Breast feeding is such an emotive subject. There is such a wealth of information out there and it can sometimes become overwhelming and confusing for mums. Since starting the business last year I have wanted to write a breast feeding blog but felt that although, as a mum of three, I have had my own breast feeding journey one individual story will add very little value to new and expectant mums and so we have gone a little futher.

Below is the first edition of the breast feeding diaries. A chance for mums to share their experience; real life stories from real mums. For some mums this was the first time that they had taken time to reflect on their journey and we are very honoured that they wanted to share this with us.

 

Before I had my first child, I was absolutely sold on the virtues of breastfeeding and that only “breast was (going to be) best” for my baby! After giving birth to my baby 7 weeks prematurely, he spent the first 2 weeks of his life in a Neonatal Intensive Care Unit where we were living overseas and so I very swiftly lost control of the way in which I had planned to feed and care for my baby; I was devastated. I was allowed to see my baby for two 1 hour sessions a day and had to try to get to grips with using the hospital pump alone on the hospital ward and set about stockpiling my milk. After a few days and my baby was off the ventilator, I was allowed to try to feed him myself. Sadly, my baby had an immature suck reflex and a tongue tie that the paediatric team were unwilling to resolve until he developed and was over 2kg and so, having tried a multitude of devices from nipple shields to feeding tubes, I was back to the exhausting regime of pumping which I continued for 3 months. Exhausted, tearful and with a painful case of mastitis my husband simply asked me why I was punishing myself and whether it would be so wrong to introduce some formula milk…. I felt like a failure and was utterly devastated but in all honestly, relieved. While I wholeheartedly champion the benefits of breastfeeding, ultimately, it has to be put into context. Mothers are put under so much pressure to breastfeed for the sake of our babies however, we must be able to support those who are struggling to make it work.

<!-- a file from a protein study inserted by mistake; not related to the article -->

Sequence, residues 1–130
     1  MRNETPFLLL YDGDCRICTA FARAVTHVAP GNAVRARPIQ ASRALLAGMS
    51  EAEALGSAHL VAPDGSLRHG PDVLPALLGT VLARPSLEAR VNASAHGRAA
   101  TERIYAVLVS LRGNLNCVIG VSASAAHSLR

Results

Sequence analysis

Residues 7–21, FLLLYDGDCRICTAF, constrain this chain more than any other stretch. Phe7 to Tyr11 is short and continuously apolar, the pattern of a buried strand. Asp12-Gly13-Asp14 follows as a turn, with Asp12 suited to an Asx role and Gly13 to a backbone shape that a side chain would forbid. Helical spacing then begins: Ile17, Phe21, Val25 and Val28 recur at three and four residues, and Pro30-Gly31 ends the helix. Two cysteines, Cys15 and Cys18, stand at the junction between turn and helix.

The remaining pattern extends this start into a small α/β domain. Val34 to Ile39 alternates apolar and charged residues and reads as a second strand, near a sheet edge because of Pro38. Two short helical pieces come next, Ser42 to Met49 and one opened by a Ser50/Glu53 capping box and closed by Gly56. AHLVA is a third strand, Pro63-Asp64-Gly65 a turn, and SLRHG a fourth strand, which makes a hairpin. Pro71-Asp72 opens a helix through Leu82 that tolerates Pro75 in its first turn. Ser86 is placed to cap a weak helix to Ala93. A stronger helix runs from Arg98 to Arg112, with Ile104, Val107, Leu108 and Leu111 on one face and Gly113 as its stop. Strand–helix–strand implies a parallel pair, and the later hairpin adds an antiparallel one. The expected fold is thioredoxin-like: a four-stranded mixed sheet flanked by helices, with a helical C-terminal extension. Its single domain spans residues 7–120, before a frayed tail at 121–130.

Anonymous

I started off with the intentions of breastfeeding but went with an open mind thinking that it might not turn out the way I hoped. My sister struggled to breastfeed with her children so I was prepared for both.
My baby latched perfectly, she was an instant feeding machine and my supply was normal so I was happy. However I had experienced 39 hours of labour then had an emergency c-section, I had a lot of abdominal pain as you can imagine and then the nipple pain kicked in. After a couple of days I started to get very anxious when baby needed a feed because I knew what was coming, the pain of the nipples and stomach together was unbearable for me. I couldn’t even hold my baby properly to breastfeed her, it was at that moment I realised that I can stop one pain I had and so I made the decision at just 5 days to stop breastfeeding as I couldn’t handle both pains. I asked my mum to get me some cabbage as I had heard it helps for drying up milk supply, my midwife came round and I cried to her, certain that I wanted to stop and she supported me but also advised my mum had bought the wrong kind of cabbage and so I had veg in my bra for no reason! FYI it needs to be a Savoy cabbage!
To this day I do not regret my decision to stop breastfeeding, it was the best decision for me and my lifestyle and my baby thrived off of formula, her immune system is amazing! I believe fed is best and the fact my anxiety went as soon as I started bottle feeding made me a happier mummy for my baby and that’s all that matters.

Chloe, Aged 25 Basingstoke